As more people experience anxiety from a polycrisis of intersecting societal disruptions, some even anticipate societal collapse, while the unfortunate have already been experiencing breakdowns in their own societies. In such circumstances it can be normal to look to people in senior positions to solve the problems. Conversely, if we currently hold a senior position, it can be normal to look to ourselves to have the answers and offer reassurance. But just because it is ‘normal’ does not mean it is logical. Research on leadership has identified our human propensity to over emphasize the importance of senior role holders when we think times are tough (or when things are fantastic, but never when things seem just ordinary). Aggrandizing the importance of supposedly good or bad people at the top of a hierarchy is itself a reason for such widespread bad leadership – something that Richard Little and I discussed in a chapter in a book that asked why there are so many bad leaders. Instead, we can all take more time to understand systems of social organizing and help people to collaborate for positive outcomes. With the right support, senior leaders can help, not hinder, that process. Where might such support come from? Most senior executives are coached. Indeed, coaching is not only a large business sector, but potentially highly influential in how senior leaders better grapple with the developing polycrisis and spreading breakdowns of systems in societies. In a recent seminar I gave on the opportunity for coaches to make a difference, hosted by the Climate Coaching Alliance, I was joined by coaches Katie Carr and Matthew Painton. They specialize in supporting people who are seeking to integrate their awareness of likely or unfolding societal collapse. I am delighted Matthew will be discussing these topics in a Deep Adaptation Q&A later this month. Ahead of that, below he shares his thoughts on how coaches can respond to the current situation. Over to Matthew…
Let’s face it, coaching and (non-clinical) therapy are privileged modalities – it requires disposable time and income to undergo elective processes of self-improvement. Generally, it is people who are already doing relatively well, or who have high expectations of themselves and of life who tend to engage expert, non-clinical, support and attention. But we could also say that every human being on earth, without exception, deserves to be seen, to be encouraged, to have wise and dedicated allies, to be ‘brought-on’, and to have close attention from someone with faith in their wholeness and potential, who will help them cope and develop into maturity in this complex and challenging world. In an ideal world, sustained and skillful attention from someone who is competent and dedicated to our well-being, as coach, mentor, counsellor, therapist, elder or tutor would be freely available on demand. But in this market-driven world such attention has become an artificially scarce commodity.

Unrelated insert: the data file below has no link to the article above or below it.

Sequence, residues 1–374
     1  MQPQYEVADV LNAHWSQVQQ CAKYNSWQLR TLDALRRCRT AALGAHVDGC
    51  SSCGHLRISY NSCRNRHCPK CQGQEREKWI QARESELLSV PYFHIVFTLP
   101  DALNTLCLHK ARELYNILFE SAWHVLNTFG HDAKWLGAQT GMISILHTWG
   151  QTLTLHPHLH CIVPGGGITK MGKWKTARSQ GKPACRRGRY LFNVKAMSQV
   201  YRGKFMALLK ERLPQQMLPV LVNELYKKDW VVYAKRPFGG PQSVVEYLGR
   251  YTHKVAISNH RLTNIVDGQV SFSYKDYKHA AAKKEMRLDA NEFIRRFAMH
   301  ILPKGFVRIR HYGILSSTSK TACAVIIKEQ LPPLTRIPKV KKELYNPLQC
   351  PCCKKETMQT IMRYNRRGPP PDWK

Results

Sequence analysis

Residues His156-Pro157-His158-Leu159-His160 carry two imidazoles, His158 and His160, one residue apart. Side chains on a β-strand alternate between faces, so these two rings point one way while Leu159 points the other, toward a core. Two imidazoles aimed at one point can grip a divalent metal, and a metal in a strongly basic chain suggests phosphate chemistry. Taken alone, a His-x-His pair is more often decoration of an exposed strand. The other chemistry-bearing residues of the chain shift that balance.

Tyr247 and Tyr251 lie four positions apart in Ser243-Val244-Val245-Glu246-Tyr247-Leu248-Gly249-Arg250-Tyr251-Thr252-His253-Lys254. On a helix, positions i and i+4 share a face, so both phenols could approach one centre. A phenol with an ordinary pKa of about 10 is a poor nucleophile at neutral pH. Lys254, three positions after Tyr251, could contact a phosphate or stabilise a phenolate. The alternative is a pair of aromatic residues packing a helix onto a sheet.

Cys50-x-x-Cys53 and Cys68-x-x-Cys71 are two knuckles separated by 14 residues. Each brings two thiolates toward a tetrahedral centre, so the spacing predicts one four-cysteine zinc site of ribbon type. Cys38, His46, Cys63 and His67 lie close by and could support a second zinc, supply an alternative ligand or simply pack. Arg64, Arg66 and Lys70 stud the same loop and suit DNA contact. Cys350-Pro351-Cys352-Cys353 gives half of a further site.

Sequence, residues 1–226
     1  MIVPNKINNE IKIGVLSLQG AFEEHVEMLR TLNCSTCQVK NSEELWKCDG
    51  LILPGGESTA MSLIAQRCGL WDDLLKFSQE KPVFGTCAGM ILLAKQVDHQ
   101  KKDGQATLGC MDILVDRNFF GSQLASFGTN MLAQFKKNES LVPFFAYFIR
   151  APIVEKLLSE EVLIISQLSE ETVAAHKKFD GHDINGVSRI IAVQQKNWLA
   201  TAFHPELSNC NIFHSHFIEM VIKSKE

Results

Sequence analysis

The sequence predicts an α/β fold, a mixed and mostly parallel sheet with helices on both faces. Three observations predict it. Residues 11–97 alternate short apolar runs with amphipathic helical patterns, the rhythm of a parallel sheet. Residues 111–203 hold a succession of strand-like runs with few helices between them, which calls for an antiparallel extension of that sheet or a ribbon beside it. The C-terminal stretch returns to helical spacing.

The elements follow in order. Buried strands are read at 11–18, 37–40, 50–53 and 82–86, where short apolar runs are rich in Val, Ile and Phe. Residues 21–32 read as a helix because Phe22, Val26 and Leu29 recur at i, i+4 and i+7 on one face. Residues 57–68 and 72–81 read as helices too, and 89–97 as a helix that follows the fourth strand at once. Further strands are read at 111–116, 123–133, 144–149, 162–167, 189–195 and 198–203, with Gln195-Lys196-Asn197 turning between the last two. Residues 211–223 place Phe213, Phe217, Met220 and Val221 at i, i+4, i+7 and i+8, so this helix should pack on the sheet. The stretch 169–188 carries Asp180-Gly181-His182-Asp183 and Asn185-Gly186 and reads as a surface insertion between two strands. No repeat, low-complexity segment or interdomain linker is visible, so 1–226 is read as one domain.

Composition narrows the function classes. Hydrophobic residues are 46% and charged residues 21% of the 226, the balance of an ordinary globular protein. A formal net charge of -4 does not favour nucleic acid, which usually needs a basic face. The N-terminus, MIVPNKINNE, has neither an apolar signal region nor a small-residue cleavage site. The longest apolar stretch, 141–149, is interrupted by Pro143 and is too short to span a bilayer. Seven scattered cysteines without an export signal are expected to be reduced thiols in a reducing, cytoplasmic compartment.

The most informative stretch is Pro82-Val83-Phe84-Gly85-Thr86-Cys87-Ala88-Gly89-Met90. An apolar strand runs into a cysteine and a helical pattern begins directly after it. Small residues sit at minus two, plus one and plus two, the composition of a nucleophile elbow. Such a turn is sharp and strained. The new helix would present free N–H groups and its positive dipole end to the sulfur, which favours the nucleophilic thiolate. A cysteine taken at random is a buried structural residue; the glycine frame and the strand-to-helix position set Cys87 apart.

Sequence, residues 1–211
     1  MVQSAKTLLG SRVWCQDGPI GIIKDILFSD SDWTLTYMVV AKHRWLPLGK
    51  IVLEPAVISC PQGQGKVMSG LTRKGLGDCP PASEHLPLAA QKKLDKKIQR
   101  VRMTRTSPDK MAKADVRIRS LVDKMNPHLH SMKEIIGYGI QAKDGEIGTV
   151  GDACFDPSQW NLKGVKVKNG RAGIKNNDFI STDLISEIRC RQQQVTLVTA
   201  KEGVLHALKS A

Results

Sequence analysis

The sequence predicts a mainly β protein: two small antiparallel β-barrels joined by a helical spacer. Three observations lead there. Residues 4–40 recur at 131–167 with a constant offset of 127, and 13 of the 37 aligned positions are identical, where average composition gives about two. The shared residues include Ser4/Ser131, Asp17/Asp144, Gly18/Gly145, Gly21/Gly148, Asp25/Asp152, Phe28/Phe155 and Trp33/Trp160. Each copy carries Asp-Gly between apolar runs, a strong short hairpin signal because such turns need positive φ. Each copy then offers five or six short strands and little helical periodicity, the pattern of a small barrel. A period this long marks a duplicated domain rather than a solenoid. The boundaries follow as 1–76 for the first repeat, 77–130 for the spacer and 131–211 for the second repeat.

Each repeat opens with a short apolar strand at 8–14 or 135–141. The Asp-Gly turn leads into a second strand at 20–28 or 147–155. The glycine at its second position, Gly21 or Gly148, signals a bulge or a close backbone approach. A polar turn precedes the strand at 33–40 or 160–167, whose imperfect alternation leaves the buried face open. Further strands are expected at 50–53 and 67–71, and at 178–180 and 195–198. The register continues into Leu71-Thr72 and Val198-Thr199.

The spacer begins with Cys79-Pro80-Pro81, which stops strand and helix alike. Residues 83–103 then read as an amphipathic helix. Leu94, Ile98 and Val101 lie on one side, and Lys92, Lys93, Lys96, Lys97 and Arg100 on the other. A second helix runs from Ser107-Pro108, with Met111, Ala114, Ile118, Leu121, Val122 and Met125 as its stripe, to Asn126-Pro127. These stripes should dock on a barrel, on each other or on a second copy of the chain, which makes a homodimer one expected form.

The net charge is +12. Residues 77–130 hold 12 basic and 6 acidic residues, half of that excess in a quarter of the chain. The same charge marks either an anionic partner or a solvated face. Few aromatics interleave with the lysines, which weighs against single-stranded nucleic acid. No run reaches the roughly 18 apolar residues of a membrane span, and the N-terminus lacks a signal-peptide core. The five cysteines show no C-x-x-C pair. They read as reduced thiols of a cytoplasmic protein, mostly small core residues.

Decades of neo-liberal assault and institutional capture have pretty much succeeded in making a market out of all aspects of social life, a market which relentlessly concentrates global wealth and well-being. So the bottom line is that coaching, therapy and self-development modalities, as well as the roles of ‘client’ and ‘practitioner’ all exist within, and are shaped by the prevailing market dynamics.
The prevailing market-paradigm is deeply grounded in the concept and model of the autonomous, rational individual. In other words, therapeutic and developmental modalities and the business models that professionalise and deliver them, have been developed and optimised over time, within a paradigm that ideologically and economically foregrounds the individual. The individual is seen as both the author of their own mal-adaptive behaviours and the agent of well-being, progress, development, leadership and change. By focusing on the individual, these modalities background ‘reality’, so that social norms are assumed to be an eternal and inevitable given. But in fact, reality is an invisible and ever-changing web of inter-being – the social and ecological systems and relationships that give rise to and sustain the appearance of ‘self-actualising individuals’. Therapeutic and developmental tools and processes aimed at individual progress and well-being, work really well in the prevailing paradigm, for people that can afford it, and they are optimised and marketed to deliver tangible benefits to the individual, which are worth paying for. And if the client is not paying for the coaching or therapy, if it is the state or an organisation footing the bill, then there will certainly be overt or covert expectation of ‘benefits to the system’ in the contract, which constrain and define the limits, boundaries and relevant topics of the process.